When I did IVF in 2009, I also did acupuncture immediately before/after the embryo transfer. There’s research to suggest it helps with implantation rates… but for me personally, the value for me was in book-ending something so emotional and heavily charged with some extreme relaxation. I did 45 minutes of quiet acupuncture in a dim room, then drove straight to the brightly lit fertility clinic, and then drove straight back for 45 more minutes of relaxing acupuncture. I’m not sure what I would have done OTHER than stress out during the time immediately before and after my embryo transfer.

My goal during the heinous anxiety of fertility treatments was to worry and fret as little as possible by doing overkill amounts of self-care. So, whatever self-care makes you feel calm? Prioritize it the same way you prioritize your invasive fertility treatments and medications. Whatever resources you may or may not have available, schedule a ton of self-care during fertility treatments — and then DOUBLE IT. You cannot be too calm.

Comments on Self-care during fertility treatments

  1. Ah relaxation and distraction. Don’t forget things like going rowing on a lake, taking a nature walk, picnics, making a meditation space or learning to zone out in knitting or crocheting 😀

  2. For me, it’s exercise. I know that some people aren’t into weight lifting while trying, but right now, it’s my sanity. I am probably an inch taller on the days I do to the gym and I feel more physically capable, more relaxed, more beautiful, and more myself when I get my sweat on. Not sure that this applies for fertility treatments because I’m not at that point right now, but I know that it’s keeping me sane while my body figures out what shape my family is going to take.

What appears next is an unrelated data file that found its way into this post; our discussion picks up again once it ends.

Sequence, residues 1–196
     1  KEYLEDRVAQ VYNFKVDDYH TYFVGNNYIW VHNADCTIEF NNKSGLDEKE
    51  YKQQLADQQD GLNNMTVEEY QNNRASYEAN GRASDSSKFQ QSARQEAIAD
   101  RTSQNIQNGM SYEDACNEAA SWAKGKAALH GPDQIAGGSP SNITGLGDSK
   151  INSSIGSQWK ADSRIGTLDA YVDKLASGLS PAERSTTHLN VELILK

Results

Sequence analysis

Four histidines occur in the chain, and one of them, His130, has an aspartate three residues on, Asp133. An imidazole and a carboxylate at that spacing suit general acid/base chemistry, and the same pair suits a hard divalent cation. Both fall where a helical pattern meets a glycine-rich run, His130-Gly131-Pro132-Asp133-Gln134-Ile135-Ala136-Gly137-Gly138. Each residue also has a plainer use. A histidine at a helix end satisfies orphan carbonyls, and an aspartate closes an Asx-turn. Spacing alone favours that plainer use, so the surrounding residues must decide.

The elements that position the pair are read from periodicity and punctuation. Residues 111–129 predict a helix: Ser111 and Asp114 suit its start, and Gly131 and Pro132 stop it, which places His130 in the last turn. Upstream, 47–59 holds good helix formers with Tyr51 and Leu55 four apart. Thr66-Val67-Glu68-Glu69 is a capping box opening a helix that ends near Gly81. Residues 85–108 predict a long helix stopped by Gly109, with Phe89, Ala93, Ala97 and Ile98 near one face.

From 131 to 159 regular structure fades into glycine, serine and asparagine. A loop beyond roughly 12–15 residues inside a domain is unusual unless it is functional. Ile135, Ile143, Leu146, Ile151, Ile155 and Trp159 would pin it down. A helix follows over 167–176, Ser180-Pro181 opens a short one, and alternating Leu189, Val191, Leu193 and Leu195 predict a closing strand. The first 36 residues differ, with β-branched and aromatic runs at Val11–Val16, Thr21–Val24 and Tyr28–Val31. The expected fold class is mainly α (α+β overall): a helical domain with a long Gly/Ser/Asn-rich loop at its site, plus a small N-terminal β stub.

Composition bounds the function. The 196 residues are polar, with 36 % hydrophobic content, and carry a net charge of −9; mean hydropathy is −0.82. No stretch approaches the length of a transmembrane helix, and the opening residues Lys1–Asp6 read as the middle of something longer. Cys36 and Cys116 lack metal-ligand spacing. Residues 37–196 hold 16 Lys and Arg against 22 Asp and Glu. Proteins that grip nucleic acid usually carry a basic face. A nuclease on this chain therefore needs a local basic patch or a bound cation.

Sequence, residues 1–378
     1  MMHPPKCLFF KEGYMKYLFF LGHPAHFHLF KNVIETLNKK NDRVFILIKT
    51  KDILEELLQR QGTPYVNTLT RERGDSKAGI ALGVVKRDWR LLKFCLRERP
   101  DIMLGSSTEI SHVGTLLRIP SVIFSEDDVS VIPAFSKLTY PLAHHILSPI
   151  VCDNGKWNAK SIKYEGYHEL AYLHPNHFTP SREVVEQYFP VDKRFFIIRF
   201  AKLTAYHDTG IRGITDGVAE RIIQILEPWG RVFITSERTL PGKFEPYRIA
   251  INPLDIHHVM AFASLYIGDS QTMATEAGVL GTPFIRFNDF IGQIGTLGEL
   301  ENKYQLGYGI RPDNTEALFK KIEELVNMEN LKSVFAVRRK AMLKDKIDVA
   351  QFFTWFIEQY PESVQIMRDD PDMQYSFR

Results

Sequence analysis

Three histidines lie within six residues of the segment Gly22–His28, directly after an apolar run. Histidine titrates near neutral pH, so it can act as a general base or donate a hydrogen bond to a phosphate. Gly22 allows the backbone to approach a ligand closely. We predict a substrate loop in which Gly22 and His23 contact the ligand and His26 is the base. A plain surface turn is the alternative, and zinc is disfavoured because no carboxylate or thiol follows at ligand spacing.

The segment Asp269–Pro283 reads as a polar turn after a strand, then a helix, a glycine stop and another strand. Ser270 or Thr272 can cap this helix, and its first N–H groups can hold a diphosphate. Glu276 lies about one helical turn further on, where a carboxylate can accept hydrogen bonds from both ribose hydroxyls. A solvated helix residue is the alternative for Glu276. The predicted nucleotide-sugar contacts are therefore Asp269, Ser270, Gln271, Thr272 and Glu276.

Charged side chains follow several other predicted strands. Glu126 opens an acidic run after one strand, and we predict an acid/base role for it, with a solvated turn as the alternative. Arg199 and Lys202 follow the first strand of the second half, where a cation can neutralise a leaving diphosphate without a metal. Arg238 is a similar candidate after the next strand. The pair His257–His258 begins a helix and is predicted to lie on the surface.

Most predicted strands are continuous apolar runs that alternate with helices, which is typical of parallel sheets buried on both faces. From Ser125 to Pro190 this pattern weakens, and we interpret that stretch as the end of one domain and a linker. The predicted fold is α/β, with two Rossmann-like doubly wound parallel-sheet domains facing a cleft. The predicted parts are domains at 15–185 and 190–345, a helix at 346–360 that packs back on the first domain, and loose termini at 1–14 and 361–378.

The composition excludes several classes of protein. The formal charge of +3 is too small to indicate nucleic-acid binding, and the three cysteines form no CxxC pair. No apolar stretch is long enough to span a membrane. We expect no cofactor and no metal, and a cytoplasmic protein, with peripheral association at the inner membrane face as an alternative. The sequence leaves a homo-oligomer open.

3. One that I would add is looking for an online community that is supportive. I found an awesome one full of women on the same journey, and it was a lifesaver for when my IRL friends (all of whom I love dearly) just didn’t understand, or when I needed to talk more than any one person could possibly listen. Also, another one that comes up with the holidays near: take care of yourself first. If you can’t hold your sister’s new baby without bursting into tears, if you have to lie about ‘waiting a little longer’ to have children (or, conversely, need tell everyone every single gritty detail about exactly what egg retrieval feels like), if you need to get out of the house and go see TinTin so you can just stop thinking about babiesbabiesbabies all the time–do it. It’s a rough time.

    • Interestingly, for me I found online communities focused on conception and fertility incredibly stressful. All the fertility acronyms and stress and obsessing just did my head in! I consciously made a choice NOT to journal and NOT to track my treatment in that way, because it triggered my brain into obsessive thinking patterns that felt really unhealthy for me.

      Obviously, it’s about knowing what works for each person, but for me, I chose to stay far, far away from fertility forums when I was doing my treatments.